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  1. User-generated product reviews are essential for online platforms like Amazon and Yelp. However, the presence of fake reviews misleads customers. GNN is the state-of-the-art method that detects suspicious reviewers by exploiting the topologies of the graph connecting reviewers, reviews, and products. Nevertheless, the discrepancy in the detection accuracy over different groups of reviewers degrades reviewer engagement and customer trust in the review websites. Unlike the previous belief that the difference between the groups causes unfairness, we study the subgroup structures within the groups that can also cause discrepancies in treating different groups. This paper addresses the challenges of defining, approximating, and utilizing a new subgroup structure for fair spam detection. We first identify subgroup structures in the review graph that lead to discrepant accuracy in the groups. The complex dependencies over the review graph create difficulties in teasing out subgroups hidden within larger groups. We design a model that can be trained to jointly infer the hidden subgroup memberships and exploits the membership for calibrating the detection accuracy across groups. Comprehensive comparisons against baselines on three large Yelp review datasets demonstrate that the subgroup membership can be identified and exploited for group fairness. 
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    Free, publicly-accessible full text available August 6, 2024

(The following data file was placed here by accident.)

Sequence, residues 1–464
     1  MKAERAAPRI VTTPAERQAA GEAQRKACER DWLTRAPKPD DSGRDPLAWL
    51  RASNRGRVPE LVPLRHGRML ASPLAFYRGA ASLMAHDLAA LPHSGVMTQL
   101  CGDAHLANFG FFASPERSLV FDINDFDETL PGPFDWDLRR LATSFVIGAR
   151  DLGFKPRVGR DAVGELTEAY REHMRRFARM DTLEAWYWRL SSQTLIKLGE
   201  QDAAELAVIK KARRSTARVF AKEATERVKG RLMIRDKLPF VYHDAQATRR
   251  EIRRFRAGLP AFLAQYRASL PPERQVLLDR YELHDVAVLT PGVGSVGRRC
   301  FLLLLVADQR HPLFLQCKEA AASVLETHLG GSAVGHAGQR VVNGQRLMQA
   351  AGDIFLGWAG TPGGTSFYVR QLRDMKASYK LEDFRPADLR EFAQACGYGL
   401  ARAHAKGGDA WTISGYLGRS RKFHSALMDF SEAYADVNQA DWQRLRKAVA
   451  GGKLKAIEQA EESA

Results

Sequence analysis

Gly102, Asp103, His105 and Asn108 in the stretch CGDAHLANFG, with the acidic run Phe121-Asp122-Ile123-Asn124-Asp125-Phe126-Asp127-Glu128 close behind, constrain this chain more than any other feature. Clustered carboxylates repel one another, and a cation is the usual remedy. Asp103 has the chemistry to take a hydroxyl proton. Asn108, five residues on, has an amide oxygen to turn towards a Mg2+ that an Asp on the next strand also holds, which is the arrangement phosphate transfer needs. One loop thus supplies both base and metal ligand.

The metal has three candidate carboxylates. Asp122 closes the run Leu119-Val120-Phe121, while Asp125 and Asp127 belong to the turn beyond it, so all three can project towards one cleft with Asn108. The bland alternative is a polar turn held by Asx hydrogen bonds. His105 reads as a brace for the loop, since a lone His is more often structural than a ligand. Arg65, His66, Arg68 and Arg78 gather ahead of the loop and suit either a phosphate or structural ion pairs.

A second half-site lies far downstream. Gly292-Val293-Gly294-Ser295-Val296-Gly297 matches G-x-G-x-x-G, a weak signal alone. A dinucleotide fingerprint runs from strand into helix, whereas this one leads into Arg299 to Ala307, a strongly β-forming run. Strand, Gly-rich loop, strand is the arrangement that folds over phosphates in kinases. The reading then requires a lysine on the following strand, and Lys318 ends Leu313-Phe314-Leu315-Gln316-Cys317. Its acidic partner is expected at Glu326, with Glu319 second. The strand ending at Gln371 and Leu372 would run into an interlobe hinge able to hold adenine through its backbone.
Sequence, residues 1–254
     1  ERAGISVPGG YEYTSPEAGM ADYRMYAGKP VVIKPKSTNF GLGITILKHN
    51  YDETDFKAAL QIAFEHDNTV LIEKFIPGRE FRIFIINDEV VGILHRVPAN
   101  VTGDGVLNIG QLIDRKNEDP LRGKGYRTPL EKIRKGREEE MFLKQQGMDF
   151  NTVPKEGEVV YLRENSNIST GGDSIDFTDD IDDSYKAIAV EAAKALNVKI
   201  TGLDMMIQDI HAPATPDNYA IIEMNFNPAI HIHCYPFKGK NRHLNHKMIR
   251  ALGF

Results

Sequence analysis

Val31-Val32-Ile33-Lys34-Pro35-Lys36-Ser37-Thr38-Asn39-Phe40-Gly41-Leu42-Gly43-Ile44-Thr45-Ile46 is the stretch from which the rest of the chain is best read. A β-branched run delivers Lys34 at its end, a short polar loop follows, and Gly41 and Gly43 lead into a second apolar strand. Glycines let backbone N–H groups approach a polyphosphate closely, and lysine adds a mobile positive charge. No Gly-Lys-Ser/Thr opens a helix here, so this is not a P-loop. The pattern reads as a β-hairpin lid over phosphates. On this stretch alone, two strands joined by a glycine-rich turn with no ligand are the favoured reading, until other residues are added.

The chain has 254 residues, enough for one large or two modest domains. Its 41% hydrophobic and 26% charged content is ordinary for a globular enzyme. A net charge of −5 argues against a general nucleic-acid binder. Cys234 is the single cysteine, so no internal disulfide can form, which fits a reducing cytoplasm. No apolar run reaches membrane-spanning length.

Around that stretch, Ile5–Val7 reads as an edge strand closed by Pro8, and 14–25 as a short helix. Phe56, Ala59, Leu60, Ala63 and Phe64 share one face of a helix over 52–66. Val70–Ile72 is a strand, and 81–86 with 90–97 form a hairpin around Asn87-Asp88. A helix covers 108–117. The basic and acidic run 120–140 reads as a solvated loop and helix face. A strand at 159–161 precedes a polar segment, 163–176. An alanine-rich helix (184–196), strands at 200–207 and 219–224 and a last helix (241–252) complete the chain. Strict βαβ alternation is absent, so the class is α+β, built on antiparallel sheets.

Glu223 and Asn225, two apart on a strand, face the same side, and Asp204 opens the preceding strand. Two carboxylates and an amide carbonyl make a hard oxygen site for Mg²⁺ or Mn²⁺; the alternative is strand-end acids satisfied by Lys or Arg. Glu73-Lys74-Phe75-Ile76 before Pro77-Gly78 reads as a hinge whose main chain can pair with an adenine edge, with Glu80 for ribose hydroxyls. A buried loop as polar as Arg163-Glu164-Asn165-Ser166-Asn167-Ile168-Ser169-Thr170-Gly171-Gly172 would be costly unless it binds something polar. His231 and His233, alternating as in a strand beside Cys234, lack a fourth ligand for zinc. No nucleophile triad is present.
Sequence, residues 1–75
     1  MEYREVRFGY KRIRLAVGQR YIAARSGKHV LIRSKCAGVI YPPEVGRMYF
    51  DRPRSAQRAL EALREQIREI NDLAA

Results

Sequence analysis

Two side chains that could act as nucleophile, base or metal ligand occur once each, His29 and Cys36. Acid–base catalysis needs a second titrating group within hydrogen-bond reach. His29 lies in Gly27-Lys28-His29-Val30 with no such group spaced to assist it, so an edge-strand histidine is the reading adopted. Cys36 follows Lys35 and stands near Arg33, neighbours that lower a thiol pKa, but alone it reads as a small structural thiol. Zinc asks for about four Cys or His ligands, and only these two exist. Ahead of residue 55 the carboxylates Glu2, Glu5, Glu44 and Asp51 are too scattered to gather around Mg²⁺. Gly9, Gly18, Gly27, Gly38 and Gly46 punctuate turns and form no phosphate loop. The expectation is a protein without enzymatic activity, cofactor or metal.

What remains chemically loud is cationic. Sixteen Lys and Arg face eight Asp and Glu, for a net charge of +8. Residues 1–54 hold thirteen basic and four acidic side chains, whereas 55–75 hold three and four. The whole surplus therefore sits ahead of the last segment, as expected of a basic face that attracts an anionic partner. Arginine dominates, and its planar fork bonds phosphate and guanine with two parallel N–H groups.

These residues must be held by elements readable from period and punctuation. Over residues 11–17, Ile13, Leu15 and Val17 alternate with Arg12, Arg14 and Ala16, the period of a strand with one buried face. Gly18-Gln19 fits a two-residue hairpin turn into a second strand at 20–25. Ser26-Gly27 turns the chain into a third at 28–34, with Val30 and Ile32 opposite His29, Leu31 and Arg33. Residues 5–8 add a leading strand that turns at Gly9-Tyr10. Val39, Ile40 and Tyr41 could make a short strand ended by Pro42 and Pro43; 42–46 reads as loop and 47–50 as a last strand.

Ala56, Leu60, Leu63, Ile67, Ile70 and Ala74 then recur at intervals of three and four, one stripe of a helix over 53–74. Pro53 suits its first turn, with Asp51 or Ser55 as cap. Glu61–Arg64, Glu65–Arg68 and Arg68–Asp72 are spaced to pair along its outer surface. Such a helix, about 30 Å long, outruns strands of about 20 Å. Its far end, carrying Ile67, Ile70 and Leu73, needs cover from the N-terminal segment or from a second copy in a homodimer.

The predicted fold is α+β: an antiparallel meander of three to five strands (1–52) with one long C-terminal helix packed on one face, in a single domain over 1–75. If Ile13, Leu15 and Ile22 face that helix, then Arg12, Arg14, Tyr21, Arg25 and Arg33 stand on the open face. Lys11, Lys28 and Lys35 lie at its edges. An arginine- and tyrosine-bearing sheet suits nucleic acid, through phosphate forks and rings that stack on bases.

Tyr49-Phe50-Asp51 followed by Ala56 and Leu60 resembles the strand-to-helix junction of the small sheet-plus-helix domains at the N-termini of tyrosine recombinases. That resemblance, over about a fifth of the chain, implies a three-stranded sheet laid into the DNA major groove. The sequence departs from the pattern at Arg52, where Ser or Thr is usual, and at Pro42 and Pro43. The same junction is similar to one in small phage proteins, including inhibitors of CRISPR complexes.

2. Social networks are frequently polluted by rumors, which can be detected by advanced models such as graph neural networks. However, the models are vulnerable to attacks, and discovering and understanding the vulnerabilities is critical to robust rumor detection. To discover subtle vulnerabilities, we design a attacking algorithm based on reinforcement learning to camouflage rumors against black-box detectors. We address exponentially large state spaces, high-order graph dependencies, and ranking dependencies, which are unique to the problem setting but fundamentally challenging for the state-of-the-art end-to-end approaches. We design domain-specific features that have causal effect on the reward, so that even a linear policy can arrive at powerful attacks with additional interpretability. To speed up policy optimization, we devise: (i) a credit assignment method that proportionally decomposes delayed and aggregated rewards to atomic attacking actions for enhance feature-reward associations; (ii) a time-dependent control variate to reduce prediction variance due to large state-action spaces and long attack horizon, based on reward variance analysis and a Bayesian analysis of the prediction distribution. On two real world datasets of rumor detection tasks, we demonstrate: (i) the effectiveness of the learned attacking policy on a wide spectrum of target models compared to both rule-based and end-to-end attacking approaches; (ii) the usefulness of the proposed credit assignment strategy and variance reduction components; (iii) the interpretability of the attacking policy. 
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  3. Abstract